28 Oct Detection. Care. Cure.
Without access to basic health care, breast cancer patients from vulnerable groups face uphill battles.
“Think pink.” During October, Breast Cancer Awareness Month, we see that phrase everywhere. But what does it really mean? Should we donate more or do walks to help fund research to find a cure? Or is it about building “awareness,” which means every person should not just remember and honor those who have battled the disease, but commit to evaluating their own health to make sure a potentially treatable condition isn’t allowed to progress simply because it was not detected early enough?
It’s all of those things and more. But for women from low-income and vulnerable populations, breast cancer awareness, and access to basic health care, can be life-threatening obstacles.
“Breast cancer is the most common cancer diagnosed in women, and the second leading cause of cancer death in females,” says Diane Masseth-Jones, executive director, YWCA of North Orange County. “Early detection of breast cancers with mammography has the potential to dramatically reduce mortality rates. Thus, there is an obvious need for clear, accurate information about breast cancer screening to be disseminated to women, and at-risk women especially.”
Education, detection and treatment are the variables that can lead to less severe (and expensive) courses of treatment, and fewer deaths overall. But when you don’t have access to basic health care, how do you receive proper screening? Fortunately, several Orange County nonprofits fill needs ranging from early screening to helping those battling the disease with direct assistance and financial resources.
Costa Mesa-based Susan G. Komen Orange County serves as a hub to connect those in need to the organizations that can best provide help, such as YWCA of Northern Orange County in Fullerton and Santa Ana-based Breast Cancer Solutions.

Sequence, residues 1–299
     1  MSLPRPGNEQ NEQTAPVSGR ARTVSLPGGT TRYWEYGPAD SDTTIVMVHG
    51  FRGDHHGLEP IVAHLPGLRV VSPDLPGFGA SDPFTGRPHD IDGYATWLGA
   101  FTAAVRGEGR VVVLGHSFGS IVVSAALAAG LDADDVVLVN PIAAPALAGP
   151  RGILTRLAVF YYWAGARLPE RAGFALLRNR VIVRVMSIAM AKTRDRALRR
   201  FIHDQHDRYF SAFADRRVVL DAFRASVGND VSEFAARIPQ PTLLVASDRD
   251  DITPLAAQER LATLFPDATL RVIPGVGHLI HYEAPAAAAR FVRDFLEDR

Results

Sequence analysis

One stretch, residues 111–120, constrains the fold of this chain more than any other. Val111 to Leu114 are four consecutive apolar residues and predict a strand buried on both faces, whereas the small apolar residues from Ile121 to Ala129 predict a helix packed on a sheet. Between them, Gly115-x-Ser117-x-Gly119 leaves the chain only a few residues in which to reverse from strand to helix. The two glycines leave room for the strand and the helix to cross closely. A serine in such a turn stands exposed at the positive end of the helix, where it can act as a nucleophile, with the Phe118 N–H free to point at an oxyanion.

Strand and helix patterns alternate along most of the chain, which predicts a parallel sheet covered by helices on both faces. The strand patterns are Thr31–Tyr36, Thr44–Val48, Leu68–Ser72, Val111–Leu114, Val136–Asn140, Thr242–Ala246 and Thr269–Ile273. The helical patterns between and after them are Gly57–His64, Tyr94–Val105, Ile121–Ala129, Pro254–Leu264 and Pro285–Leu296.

The American Cancer Society’s California Cancer Facts and Figures 2013 reports that Orange County ranks in the top third in the state for incidence of breast cancer and for women who are in late-stage breast cancer.
“KomenOC identified North Orange County as having the highest late-stage cancer diagnosis in the county when compared to South Orange County and coastal cities,” says Masseth-Jones. “North Orange County has a higher population of multicultural, low-income women who face many obstacles to care. But the YWCA of North Orange County has made tremendous strides to overcoming these barriers.”
“We have the largest multiethnic, mobile, neighborhood early breast cancer screening program in Orange County,” she adds. “This past year, we’ve screened over 5,200 women who would otherwise not have had that opportunity.”
And after diagnosis, the fight begins. That’s where Breast Cancer Solutions comes in. Breast Cancer Solutions focuses on helping women facing diagnosis and treatment by providing access to financial and practical assistance.
“The mission of Breast Cancer Solutions is to provide breast cancer patients with direct assistance, community referrals and compassionate support,” says Jennifer Anderson, executive director. “Our primary goal is to eliminate barriers that prevent patients from accessing and completing breast cancer treatment.”
To learn more about organizations who are working to support women in the awareness, early detection and survival of breast cancer and how you can help, visit Nonprofit Central at www.ocnonprofitcentral.org.
Shelley Hoss is president of the Orange County Community Foundation. She can be reached at [email protected]
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